In the paper Instant Inkjet Circuits: Lab-Based Inkjet Printing To Support Rapid Prototyping Of Ubicomp Devices researchers Yoshihiro Kawahara of the University of Tokyo, Steve Hodges of Microsoft Research and Benjamin Cook, Cheng Zhang and Gregory Abowd of the Georgia Institute of Technology discuss this innovative and low-cost method of electrical prototyping.
Using silver nanoparticle inks this is an additive production technique that overcomes the problems of subtractive technologies such as PCB milling machines and commercial vinyl cutters. Recent advances in materials sciences have given us commercially available conductive inks that require little post processing.
Print on paper or plastic. Add protective coverings. Make flexible circuits with the bend radius of a ball point pen.
Printing digital is a powerful prototyping tool, but anyone who likes building digital artifacts — digital crafting — should look at it. For example, the team instrumented a plush toy with a printed capacitive sensor ribbon, enabling the toy to react differently depending on how it is touched.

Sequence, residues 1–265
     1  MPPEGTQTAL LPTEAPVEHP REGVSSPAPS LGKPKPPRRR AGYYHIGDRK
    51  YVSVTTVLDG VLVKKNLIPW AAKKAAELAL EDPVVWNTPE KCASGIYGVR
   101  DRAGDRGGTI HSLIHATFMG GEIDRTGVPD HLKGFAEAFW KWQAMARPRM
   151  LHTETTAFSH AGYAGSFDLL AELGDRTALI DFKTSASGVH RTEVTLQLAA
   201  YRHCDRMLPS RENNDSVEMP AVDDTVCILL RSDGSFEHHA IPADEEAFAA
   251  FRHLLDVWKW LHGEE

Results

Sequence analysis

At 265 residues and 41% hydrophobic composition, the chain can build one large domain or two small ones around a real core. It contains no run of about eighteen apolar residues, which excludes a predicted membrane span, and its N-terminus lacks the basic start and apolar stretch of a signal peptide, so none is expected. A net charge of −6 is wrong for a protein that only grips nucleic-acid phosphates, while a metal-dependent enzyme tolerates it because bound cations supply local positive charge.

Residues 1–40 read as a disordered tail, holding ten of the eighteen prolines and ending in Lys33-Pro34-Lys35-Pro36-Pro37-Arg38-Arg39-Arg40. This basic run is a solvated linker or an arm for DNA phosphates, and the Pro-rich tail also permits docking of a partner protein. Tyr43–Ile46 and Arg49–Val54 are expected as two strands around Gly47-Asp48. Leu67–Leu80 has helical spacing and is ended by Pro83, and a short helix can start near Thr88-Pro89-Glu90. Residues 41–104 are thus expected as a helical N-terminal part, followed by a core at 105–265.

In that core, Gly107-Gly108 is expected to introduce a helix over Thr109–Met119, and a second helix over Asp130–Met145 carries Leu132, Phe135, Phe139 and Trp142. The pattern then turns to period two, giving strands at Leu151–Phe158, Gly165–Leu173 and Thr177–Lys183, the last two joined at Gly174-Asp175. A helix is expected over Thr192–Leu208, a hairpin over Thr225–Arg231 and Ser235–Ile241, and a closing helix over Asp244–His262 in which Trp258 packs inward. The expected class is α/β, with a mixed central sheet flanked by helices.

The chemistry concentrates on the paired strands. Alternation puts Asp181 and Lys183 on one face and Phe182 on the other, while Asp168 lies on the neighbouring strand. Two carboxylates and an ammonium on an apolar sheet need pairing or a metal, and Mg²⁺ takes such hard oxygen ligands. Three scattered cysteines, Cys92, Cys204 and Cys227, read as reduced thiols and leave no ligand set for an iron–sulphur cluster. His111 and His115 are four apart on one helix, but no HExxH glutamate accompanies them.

The paper offers clear directions — part numbers, substrate types, practical advice — for DIY people. For example, they compare conductive double-sided adhesive tape to silver epoxy for attaching components to paper.
For their experiments they used an $80 Brother inkjet fitted with empty refillable cartridges and commercially available conductive ink. Using this low-cost kit they printed capacitive touch sensors, antennas and interaction sensors using time domain reflectometry.
The Storage Bits take
Re-purposing high-volume, low-cost consumer technologies - such as inkjet printers or SATA drives - for more specialized uses has a long and valuable history. As the paper points out, the researchers have just scratched the surface of what is possible with inkjet printing.
For example, how about multi-layer printed circuits? Using origami techniques it should be possible to build 3D structures with embedded circuits.
If inkjet printed circuitry generates even half the interest that 3D printing has, we'll see an explosion of uses for home and lab users. Anything that makes innovation easier and cheaper is good for technologists everywhere.
Comments welcome, of course. Where do you see this technique being applied? For more on UbiComp — ubiquitous computing — see this post.